If ISPs engage in the worst abuses, how will activists be able to fight oppression? What will happen to social movements like the Movement for Black Lives? How will the next disruptive technology, business or company emerge if ISPs let only incumbents succeed?
Why is Title II so important?
In 2015, the Obama FCC adopted strong Net Neutrality rules based on Title II of the Communications Act, giving internet users the strongest protections possible. Title II is also the only legal basis for Net Neutrality that courts have ever upheld.
But Title II does a lot more than protect an open internet. It also gives the FCC the authority to protect our online privacy, investigate discriminatory fees and ensure that ISPs are offering just and reasonable rates for their services. Basically, Title II is the legal toolbox the FCC needs to make sure internet access is equitable, affordable and protected from all sorts of ISP abuses. Rush an emergency donation to Free Press today so we can keep fighting to restore Title II and the open-internet protections.
Why is Net Neutrality so crucial for communities of color?
The open internet allows people of color to tell their own stories and organize for racial justice online. When activists are able to turn out thousands of people in the streets at a moment’s notice, it’s because ISPs aren’t allowed to block their messages or websites.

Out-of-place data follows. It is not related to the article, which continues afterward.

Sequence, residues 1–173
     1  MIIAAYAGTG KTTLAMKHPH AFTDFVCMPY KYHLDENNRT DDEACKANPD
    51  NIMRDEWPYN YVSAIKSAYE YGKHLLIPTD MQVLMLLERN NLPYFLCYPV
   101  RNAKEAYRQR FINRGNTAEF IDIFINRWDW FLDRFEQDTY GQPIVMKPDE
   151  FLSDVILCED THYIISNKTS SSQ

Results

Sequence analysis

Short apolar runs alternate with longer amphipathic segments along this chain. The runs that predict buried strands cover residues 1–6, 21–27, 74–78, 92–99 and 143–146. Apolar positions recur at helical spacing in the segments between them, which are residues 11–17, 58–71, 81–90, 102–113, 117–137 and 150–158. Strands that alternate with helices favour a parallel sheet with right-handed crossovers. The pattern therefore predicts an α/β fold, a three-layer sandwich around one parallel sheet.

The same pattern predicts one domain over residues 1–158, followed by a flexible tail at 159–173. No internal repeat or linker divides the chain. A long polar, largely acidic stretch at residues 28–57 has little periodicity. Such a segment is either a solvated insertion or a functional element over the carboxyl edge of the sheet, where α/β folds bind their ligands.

The mainstream media have long misrepresented, ignored and harmed people of color. And thanks to systemic racism, economic inequality and runaway media consolidation, people of color own just a handful of broadcast stations. The lack of diverse ownership is why news outlets have gotten away with criminalizing and dehumanizing communities of color.
The open internet allows people of color and other impacted communities to bypass traditional media gatekeepers. Without Net Neutrality, ISPs can block speech and prevent dissident voices from speaking freely online. Without Net Neutrality, people of color are at risk of losing a vital platform.
And without Net Neutrality, millions of small businesses that people of color own won’t be able to compete against larger corporations online, which will deepen economic disparities.
Why is Net Neutrality important for businesses?
Net Neutrality is crucial for small-business owners, startups and entrepreneurs, who rely on the open internet to launch their enterprises, create markets, advertise their products and services, and reach customers. We need the open internet to foster job growth, competition and innovation.
But without Net Neutrality, ISPs can exploit their gatekeeper position and destroy the internet’s fair and level playing field.
What can we do now?
The FCC has the power to bring back the Title II Net Neutrality rules but it needs a fully staffed agency to launch this crucial work. Urge the Senate to confirm Jessica Rosenworcel as chair and Gigi Sohn as the fifth commissioner without delay.